“It’s a trash can”: Parisians fight for the soul of their ruined city | Paris

Amid Paris’ third lockdown last March, a hashtag appeared on Twitter with a photo of a lock on the Canal Saint-Martin that runs through the north of the city clogged with rubbish, plastic bags and bottles.

Images of Paris in disrepair are nothing new but, within days, dozens of photos of overflowing trash cans, shattered sidewalks and graffiti-covered walls have emerged with the same hashtag – #SackageParis – which roughly translates to Trashed Paris.

Now, less than a year later, the hashtag has been used more than 2.7 million times on Twitter alone and has become the battle cry of those who fear the beautiful city is losing its soul. For others, it is a political smear campaign targeting socialist mayor Anne Hidalgo, also a candidate in this year’s presidential election.

Unlike traditional demonstrations, Saccage Paris photographs the streets instead of occupying them. The informal campaign gave disgruntled Parisians a catchy hashtag under which to complain about everything from potholed sidewalks and roads to ugly park benches, litter, flytipping and graffiti.

Whatever the motivations behind the hashtag – the PanamePropre account who forged it remains resolutely anonymous – the movement is gaining momentum and has prompted the town hall to publish a “beauty manifesto” to beautify the city which will host the Olympic Games in 2024.

Jacques Desse does not look or sound like an extreme urban warrior. The soft-spoken bookseller would certainly rather pry his nose into a rare manuscript than talk to the press. But he is angry and he is not alone.

A member of Saccage Paris, he deplores the destruction of the city’s historical symbols. Much of the fury of the movement has been aimed at the town hall to remove, neglect or replace Paris’ immediately recognizable architectural heritage, notably street furniture, much of which dates from Napoleon III’s second empire in the 19th century.

“For many of us, Saccage Paris has no political motivation. It is a citizens’ movement and there is a wide mix of political opinions. What we blame Anne Hidalgo and her team for is that they have the power to do something about it but they are not using it positively,” Desse told the Observer. “City Hall is mad at us because what we show is hurting their image…but we have no other way.”

To strangers – especially fans of the Netflix drama Emily in Paris – the French capital is the postcard city of romanticism and dreams, baguettes and boulevards, high culture and haute couture. Parisians, who live in one of the most densely populated cities in the world, often paint a different picture. Last month, France’s best-known royal commentator, Stéphane Bern, announced he was leaving Paris because Paris had become dirty, violent and was “a trash can”.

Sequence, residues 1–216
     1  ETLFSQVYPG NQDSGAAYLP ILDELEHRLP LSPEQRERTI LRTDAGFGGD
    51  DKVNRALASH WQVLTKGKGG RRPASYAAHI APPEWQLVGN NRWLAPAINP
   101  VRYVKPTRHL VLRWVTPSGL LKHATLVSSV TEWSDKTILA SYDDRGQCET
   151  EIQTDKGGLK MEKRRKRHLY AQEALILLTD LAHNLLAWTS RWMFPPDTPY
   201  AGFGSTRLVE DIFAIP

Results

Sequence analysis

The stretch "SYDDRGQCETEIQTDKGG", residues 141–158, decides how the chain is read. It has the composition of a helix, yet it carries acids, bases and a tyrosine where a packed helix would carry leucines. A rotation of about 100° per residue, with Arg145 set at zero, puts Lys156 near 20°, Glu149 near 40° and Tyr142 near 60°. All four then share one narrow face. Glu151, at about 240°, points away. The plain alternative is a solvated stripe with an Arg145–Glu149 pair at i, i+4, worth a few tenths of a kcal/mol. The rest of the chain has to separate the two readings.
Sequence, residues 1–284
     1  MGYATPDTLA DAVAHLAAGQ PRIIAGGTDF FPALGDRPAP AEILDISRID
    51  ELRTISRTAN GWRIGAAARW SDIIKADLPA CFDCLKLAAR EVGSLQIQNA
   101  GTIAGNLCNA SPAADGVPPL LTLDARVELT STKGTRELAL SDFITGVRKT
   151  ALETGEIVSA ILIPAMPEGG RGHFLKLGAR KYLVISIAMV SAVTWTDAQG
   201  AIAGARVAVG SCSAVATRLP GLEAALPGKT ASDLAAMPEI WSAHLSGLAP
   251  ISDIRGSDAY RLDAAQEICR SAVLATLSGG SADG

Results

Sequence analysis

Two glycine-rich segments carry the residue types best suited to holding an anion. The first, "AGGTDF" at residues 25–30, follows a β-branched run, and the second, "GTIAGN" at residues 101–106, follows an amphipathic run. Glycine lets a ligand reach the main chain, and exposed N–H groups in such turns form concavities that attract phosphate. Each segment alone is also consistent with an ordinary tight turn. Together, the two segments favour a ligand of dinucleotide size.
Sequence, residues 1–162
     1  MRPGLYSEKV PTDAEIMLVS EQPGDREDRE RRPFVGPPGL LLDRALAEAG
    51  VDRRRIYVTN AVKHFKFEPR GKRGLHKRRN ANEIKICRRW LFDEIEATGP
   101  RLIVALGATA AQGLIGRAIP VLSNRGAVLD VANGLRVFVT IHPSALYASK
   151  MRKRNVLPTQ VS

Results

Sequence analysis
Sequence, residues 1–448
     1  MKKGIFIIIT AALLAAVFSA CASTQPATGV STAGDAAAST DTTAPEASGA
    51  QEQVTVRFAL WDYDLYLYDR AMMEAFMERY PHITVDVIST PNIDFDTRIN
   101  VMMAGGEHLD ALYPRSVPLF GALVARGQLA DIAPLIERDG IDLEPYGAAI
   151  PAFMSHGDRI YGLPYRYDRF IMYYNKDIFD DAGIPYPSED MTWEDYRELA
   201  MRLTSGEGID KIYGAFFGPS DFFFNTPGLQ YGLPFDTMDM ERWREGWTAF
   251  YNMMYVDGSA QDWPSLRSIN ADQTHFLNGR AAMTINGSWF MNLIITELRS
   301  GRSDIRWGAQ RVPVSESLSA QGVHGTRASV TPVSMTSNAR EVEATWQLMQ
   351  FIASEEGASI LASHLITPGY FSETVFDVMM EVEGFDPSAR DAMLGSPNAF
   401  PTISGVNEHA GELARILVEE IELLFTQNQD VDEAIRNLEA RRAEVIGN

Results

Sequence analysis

Parisians are mobilizing to ask the authorities to clean up the city on October 10, 2021. Photography: Julien Mattia/Agence Le Pictorium/ZUMA/REX/Shutterstock

“What happened to the City of Light?” he said. However, Bern pointed the finger at ordinary Parisians and not Hidalgo. “Her job is far from easy and, as far as I know, it is not her who soils it, nor the garbage collectors at fault. The biggest culprits are above all the people. It certainly has its share of responsibility but it does not deserve all the attacks that are addressed to it,” added Bern.

Art historian Didier Rykner was less forgiving in his recent book The Disappearance of Paris (The Disappearance of Paris), a detailed critique of Hidalgo’s management of the city. But even writing books about the state of Paris is nothing new. In 1832, Victor Hugo published a pamphlet denouncing the “vandals” razing ruined medieval towers and churches to build replacements in the neoclassical style then in vogue, and Baron Georges-Eugène Haussmann, credited with the vast transformation of Paris in the 19th century and creator of the famous grand boulevardsfaced bitter opposition and controversy.

PanamePropre says it only expresses “the anger to see the city where I have lived for more than 20 years deteriorating before my eyes. Thousands of Parisians and Paris lovers from all over France, ordinary citizens like me, have spontaneously united under this hashtag,” he wrote.

“It’s amazing how it has spread,” said Quentin, a young engineer and Saccage Paris activist, who preferred not to give his full name. We’re in a cafe near Porte Saint-Martin in Paris’ 10th arrondissement, where a local hairdresser has painted a large pair of scissors on the sidewalk under the 17th-century arch. “That’s the kind of thing Saccage Paris is. I reported it, but it’s still there,” he said.